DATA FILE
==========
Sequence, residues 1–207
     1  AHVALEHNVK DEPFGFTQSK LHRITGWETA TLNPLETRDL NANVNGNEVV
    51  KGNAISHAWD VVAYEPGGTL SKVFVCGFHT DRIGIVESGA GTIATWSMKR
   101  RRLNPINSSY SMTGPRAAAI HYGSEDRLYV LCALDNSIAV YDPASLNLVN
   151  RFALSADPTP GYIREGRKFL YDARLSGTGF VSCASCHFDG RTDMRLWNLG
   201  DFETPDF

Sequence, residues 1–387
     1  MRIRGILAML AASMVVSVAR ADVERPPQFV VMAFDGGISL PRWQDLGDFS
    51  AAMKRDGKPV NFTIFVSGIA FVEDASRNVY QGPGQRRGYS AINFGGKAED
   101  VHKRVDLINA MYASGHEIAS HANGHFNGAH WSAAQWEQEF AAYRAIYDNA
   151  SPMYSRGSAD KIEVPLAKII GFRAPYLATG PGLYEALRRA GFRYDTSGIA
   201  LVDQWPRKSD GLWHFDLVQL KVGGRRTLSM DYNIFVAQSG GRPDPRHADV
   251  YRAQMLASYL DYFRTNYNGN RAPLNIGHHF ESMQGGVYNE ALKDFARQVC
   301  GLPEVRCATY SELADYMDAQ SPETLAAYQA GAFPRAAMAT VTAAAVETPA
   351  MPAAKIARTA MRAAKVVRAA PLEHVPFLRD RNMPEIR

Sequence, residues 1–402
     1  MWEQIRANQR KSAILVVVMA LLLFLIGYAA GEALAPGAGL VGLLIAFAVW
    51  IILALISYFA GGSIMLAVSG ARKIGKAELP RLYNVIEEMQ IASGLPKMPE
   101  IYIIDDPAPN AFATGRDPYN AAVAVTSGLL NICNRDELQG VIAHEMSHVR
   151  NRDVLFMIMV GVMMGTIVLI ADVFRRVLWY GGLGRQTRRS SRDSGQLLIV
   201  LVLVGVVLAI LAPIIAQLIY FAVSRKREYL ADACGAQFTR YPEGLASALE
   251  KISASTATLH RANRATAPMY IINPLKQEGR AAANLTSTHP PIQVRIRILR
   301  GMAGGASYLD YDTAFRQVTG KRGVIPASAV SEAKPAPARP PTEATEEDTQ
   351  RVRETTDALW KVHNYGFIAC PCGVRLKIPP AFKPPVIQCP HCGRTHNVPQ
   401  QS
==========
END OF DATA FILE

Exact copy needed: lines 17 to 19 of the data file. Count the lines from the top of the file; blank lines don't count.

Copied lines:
     1  MWEQIRANQR KSAILVVVMA LLLFLIGYAA GEALAPGAGL VGLLIAFAVW
    51  IILALISYFA GGSIMLAVSG ARKIGKAELP RLYNVIEEMQ IASGLPKMPE
   101  IYIIDDPAPN AFATGRDPYN AAVAVTSGLL NICNRDELQG VIAHEMSHVR